Faced with a dramatic backlash against a recent 60 percent price increase amid plans to separate its DVD rental and streaming services, Netflix on Sunday announced a rebranding of its disc rental service that will include the option to upgrade to video game rentals.
Netflix’s legacy DVD delivery operation will know be known as Qwikster, “because it refers to quick delivery,” said Netflix co-founder and CEO Reed Hastings in a blog post that profusely apologizes for poorly handling earlier communication of the company’s dramatic changes.
“I messed up. I owe everyone an explanation,” Hastings wrote. “It is clear from the feedback over the past two months that many members felt we lacked respect and humility in the way we announced the separation of DVD and streaming, and the price changes. That was certainly not our intent, and I offer my sincere apology.”
Now attempting to lay it all on the table, Hastings says Netflix acted quickly out of a desire to avoid becoming the next Borders or AOL dialup — media companies that burned brightly until there was nothing left.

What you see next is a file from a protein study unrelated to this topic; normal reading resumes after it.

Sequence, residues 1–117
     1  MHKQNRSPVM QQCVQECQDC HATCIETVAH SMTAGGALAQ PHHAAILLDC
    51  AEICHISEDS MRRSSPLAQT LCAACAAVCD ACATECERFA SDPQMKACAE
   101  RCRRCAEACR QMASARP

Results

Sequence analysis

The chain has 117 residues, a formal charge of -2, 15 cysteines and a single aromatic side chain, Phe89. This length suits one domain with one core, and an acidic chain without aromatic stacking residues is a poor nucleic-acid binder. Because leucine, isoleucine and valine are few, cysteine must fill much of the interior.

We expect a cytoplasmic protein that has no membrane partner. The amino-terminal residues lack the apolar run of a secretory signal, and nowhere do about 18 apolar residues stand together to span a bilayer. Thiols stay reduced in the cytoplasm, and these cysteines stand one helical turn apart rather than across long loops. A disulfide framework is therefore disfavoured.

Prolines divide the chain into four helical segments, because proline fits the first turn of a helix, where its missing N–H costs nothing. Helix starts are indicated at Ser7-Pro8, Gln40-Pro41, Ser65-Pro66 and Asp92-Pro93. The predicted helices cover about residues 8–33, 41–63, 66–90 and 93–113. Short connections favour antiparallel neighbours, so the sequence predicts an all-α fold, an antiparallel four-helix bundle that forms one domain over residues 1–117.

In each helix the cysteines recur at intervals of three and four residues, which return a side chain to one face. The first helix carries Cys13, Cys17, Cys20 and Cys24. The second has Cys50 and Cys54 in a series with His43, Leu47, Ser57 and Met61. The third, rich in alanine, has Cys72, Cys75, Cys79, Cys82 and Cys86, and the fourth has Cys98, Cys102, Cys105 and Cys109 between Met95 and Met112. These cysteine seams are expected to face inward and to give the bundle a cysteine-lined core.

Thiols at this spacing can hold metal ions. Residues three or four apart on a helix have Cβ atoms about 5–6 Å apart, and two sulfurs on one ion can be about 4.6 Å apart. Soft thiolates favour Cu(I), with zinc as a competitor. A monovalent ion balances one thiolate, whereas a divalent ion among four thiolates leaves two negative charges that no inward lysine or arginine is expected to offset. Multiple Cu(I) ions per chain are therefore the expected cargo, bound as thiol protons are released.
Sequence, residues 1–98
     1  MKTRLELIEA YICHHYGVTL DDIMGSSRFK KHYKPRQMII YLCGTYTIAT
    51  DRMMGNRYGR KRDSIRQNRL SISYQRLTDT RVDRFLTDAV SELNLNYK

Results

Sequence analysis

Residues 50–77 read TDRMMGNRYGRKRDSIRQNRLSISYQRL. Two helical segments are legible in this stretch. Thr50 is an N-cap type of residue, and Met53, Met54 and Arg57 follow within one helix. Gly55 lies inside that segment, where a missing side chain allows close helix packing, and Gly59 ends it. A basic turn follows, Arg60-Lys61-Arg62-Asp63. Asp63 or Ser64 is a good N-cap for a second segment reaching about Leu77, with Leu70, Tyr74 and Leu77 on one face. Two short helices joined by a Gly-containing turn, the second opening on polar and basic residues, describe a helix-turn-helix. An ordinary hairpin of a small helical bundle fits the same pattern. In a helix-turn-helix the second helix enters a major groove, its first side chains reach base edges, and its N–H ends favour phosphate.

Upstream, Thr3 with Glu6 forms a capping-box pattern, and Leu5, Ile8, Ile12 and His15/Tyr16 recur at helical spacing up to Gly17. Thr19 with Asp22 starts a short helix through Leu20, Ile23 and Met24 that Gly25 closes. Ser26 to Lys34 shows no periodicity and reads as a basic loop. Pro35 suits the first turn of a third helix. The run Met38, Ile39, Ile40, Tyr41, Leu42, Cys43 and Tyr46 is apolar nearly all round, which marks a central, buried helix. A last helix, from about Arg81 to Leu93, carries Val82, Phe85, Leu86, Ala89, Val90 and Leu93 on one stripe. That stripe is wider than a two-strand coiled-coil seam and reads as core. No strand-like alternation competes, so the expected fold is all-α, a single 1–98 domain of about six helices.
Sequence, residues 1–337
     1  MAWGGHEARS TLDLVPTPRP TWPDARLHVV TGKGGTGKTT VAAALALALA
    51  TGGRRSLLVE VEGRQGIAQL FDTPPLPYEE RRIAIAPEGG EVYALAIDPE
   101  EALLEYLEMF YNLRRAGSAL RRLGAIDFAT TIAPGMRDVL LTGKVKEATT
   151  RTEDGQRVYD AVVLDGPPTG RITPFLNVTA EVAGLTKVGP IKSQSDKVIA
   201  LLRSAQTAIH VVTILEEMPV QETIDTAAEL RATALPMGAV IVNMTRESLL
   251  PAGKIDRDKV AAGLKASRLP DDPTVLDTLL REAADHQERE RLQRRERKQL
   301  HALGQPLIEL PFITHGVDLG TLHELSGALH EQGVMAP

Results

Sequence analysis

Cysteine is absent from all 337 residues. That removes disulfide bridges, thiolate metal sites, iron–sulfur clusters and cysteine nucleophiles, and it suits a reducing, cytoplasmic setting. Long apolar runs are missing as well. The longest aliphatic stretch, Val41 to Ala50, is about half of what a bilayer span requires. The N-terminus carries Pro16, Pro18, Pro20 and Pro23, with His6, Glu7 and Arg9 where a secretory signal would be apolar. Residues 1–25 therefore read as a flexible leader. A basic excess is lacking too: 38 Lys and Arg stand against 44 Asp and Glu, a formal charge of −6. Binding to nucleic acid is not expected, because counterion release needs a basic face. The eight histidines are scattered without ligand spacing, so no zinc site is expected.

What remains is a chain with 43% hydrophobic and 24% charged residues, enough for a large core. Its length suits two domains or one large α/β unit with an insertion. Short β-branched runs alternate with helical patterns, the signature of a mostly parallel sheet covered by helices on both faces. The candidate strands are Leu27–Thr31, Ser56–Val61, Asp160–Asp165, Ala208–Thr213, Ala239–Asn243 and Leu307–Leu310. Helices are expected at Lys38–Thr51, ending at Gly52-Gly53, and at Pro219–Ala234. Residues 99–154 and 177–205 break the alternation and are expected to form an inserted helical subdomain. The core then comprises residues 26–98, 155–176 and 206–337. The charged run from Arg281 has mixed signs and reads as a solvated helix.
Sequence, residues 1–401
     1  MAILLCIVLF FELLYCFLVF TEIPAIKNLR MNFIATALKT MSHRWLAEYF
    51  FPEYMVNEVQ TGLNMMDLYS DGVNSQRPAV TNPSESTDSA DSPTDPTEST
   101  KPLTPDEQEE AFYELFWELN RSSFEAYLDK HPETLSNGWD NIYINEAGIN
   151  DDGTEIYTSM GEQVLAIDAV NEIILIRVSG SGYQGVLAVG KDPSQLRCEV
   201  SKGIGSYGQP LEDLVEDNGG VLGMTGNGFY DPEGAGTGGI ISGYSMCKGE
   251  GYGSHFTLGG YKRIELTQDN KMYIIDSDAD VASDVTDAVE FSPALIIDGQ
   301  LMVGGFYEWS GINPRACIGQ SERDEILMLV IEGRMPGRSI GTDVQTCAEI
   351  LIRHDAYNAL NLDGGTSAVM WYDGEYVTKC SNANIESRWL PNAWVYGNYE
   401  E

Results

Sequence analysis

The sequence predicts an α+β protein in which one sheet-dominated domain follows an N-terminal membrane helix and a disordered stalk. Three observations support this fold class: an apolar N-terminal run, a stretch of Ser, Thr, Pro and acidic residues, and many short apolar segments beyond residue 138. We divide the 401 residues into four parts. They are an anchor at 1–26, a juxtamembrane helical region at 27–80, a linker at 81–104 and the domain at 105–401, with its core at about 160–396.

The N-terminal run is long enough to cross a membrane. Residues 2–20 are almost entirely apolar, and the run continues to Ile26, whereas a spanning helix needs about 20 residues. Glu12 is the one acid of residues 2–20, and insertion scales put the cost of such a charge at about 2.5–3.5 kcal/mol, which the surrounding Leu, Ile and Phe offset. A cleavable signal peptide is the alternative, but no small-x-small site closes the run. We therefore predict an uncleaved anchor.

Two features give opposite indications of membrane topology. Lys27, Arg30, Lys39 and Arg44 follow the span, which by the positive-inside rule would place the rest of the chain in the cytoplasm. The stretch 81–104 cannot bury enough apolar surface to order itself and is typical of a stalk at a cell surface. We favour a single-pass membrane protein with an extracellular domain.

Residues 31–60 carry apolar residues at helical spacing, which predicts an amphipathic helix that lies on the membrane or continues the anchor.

“Eventually these companies realize their error of not focusing enough on the new thing, and then the company fights desperately and hopelessly to recover. Companies rarely die from moving too fast, and they frequently die from moving too slowly,” he said. “When Netflix is evolving rapidly, however, I need to be extra-communicative. This is the key thing I got wrong.”
Netflix says Qwikster’s disc queues will be managed on a separate website from Netflix, which will be where users manage their streamed movies and TV shows. This means that if you use both Netflix and Qwikster you will have to rate movies twice and manage your credit card and contact information in two places as well.
The video game upgrade, the company said, will work much like the current Blu-ray option does. It will include Wii, PlayStation 3 and Xbox 360 titles. “Members have been asking for video games for many years, and now that DVD by mail has its own team, we are finally getting it done,” Hastings said.
Will this be enough to lure back any of the million subscribers Netflix lost in its summer of rapid reinvention?